Use blocks on the lead rope if the horse wants to rush forward or past you. If the horse wants to come off the wall/fence with his shoulder or hip, use the whip to block the movement, asking him to stay straight.

Just as in the previous exercise, ask for halts, backups, and slow walk, then allow the horse go walk forward again.

Many horses struggle when there are lots of boundaries (wall, whip, person), but “boxing in” is a great exercise to get your horse to respect your space more and not rush forward.

Some horses do better with one way of doing this exercise than the other, but in the end your horse should be able to do the exercise both ways without rushing or being pushy.

Another way to help your horse get the idea of the slow walk is to set up four to five walk-over poles. By setting the poles slightly shorter than the horse’s usual walk stride he will start to get the idea to shift his weight back and shorten his steps.

Pic 6

Walking over the poles with a long stride (3 foot spacing) The mare’s frame is below level and she’s relaxed.

Pic 7

Walking over the poles with a shorter stride (2 foot spacing). The mare has lifted her head slightly and shifted more onto her hind legs.

During all of these exercises the horse should remain level-headed. When the horse’s head lifts up above the withers the horse’s back will hollow and he will get more anxious. By keeping the head low to level the horse will get more endorphins and relax with the work.

Always make sure not to compromise relaxation. If your horse gets tense, ask for a few forward steps before asking for slow walk again.

Changing the length of the horse’s steps develops the horse’s ability to maintain balance and connection. With improved balance comes improved transitions and lateral work at all levels.

Photos by Dawn Stevens. Handler Lisa Wieben. Horse: Ava (You Otta Have Me), 8-year-old AQHA/APHA mare.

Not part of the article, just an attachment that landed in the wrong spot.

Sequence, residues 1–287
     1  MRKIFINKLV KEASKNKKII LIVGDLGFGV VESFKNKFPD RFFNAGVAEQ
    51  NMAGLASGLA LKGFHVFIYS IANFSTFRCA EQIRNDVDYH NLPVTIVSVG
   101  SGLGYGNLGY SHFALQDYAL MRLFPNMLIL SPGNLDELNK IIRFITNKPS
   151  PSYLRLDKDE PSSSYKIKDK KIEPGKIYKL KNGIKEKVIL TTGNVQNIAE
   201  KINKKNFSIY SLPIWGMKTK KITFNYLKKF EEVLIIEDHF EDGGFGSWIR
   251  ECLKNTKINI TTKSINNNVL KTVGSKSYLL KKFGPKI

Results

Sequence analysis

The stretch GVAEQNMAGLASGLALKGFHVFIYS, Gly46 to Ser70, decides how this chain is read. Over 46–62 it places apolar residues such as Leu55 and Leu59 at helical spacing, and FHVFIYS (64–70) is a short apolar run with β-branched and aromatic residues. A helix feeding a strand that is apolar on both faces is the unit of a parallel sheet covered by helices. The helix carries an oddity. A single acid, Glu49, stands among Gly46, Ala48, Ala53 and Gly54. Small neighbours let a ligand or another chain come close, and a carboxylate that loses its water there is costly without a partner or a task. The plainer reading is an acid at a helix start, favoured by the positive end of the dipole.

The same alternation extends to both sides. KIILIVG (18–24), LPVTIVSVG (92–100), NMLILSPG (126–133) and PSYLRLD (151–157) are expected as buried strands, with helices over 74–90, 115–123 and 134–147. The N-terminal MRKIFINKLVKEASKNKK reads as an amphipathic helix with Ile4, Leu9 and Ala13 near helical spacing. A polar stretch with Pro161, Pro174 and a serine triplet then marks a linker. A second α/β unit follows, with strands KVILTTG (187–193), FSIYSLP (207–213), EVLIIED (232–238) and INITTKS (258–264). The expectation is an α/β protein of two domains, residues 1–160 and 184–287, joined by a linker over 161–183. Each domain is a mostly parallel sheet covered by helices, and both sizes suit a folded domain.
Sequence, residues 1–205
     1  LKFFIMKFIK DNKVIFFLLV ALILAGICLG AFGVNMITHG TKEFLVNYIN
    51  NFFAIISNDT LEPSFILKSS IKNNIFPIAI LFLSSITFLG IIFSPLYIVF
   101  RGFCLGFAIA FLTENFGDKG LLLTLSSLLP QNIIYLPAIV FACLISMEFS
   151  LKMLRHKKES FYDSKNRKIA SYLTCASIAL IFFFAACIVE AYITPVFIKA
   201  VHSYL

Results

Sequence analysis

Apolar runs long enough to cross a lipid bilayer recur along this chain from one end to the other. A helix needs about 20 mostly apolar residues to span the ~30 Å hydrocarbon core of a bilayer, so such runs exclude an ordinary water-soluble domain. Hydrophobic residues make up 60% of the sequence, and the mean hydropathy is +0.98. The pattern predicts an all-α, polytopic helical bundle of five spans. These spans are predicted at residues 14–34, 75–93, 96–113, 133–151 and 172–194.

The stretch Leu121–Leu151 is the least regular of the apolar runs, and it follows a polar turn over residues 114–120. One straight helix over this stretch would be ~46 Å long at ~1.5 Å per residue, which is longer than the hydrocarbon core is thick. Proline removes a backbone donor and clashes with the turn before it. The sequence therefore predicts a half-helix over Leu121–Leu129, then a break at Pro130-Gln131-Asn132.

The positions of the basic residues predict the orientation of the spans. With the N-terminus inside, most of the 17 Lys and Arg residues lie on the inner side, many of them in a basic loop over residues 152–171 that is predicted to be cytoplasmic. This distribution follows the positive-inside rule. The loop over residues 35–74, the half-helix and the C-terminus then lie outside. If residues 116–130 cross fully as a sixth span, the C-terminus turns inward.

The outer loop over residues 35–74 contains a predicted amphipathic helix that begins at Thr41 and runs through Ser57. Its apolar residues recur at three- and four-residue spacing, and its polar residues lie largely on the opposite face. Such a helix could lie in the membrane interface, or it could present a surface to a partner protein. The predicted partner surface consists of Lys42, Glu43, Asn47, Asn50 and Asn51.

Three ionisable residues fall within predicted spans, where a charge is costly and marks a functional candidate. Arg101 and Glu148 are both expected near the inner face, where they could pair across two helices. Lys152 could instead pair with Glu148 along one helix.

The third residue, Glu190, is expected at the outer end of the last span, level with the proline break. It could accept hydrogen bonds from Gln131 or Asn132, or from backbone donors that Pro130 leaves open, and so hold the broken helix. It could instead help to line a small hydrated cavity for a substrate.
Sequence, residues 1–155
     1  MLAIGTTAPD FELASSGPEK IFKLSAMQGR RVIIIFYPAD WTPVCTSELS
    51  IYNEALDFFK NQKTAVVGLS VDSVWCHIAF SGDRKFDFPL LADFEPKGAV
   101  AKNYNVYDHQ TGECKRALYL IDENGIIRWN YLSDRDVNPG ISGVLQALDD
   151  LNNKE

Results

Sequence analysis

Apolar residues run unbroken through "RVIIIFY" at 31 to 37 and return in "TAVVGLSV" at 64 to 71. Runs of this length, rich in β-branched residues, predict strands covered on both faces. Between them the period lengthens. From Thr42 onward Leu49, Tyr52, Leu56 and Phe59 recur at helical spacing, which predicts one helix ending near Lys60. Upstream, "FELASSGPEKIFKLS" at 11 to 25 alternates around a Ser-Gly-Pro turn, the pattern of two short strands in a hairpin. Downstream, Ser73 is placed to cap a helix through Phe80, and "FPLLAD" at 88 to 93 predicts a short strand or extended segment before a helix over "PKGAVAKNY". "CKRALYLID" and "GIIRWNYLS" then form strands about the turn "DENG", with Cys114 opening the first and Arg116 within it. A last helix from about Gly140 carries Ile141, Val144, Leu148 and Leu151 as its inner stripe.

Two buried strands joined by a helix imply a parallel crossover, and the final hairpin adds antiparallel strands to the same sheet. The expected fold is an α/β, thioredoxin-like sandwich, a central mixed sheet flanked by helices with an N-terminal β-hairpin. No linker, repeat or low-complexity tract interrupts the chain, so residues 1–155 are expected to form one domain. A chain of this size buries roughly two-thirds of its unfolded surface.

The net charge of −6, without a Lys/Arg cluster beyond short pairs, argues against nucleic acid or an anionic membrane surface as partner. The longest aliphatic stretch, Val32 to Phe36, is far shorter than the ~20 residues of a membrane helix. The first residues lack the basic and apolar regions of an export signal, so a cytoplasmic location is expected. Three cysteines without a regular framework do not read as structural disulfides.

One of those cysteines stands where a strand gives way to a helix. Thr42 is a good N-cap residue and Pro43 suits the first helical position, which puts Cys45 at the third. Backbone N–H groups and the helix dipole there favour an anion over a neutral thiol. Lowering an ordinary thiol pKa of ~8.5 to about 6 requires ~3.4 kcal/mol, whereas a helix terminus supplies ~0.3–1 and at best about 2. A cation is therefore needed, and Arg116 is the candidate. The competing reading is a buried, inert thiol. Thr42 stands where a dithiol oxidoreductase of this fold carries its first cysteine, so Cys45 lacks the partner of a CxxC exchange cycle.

This article is part of an ongoing series of articles that appear in the horse magazine SaddleUp on a monthly basis. The articles are a collaboration between Lisa Wieben (see biography below) and Birgit Stutz.

Lisa Wieben is a versatile and exceptional riding coach, balancing her skills as a Level 2 Centered Riding Instructor, Equine Canada Western Competition Coach, and Irwin Insights Level 4 Master Certified Trainer. Currently specializing in Western and English Dressage, she trains youth, adult amateurs, and professionals as well as coaching a local 4H group at her facility near Bowden/Olds, AB. Through dressage and foundational training she helps riders of all disciplines create stronger partnerships with their horses. Also, as a Hanna Somatic Instructor and Practitioner in Training, Lisa works with riders, in class or privately, learning movement exercises that target specific muscle issues in the body brought on by stress, injuries, surgeries, and overuse. Her approach, using Dressage, Centered Riding, Irwin Insights principles, and Somatics, all come together to develop a balanced rider and a balanced horse. http://www.mountainviewtrainingstables.com.

Birgit Stutz is an Irwin Insights Level 4 Master Certified Trainer and offers horse training, riding lessons in the English and Western disciplines, horsemanship clinics, mentorship programs, intensive horsemanship courses, workshops, short courses and demos on various topics, as well as working student programs at Falling Star Ranch Academy of Foundational Horsemanship in Dunster, BC. Birgit’s passion is to help humans have a better relationship with their horses through understanding of equine psychology and body language, biomechanics, as well as fundamental riding skills based on classical dressage. http://www.fallingstarranch.ca.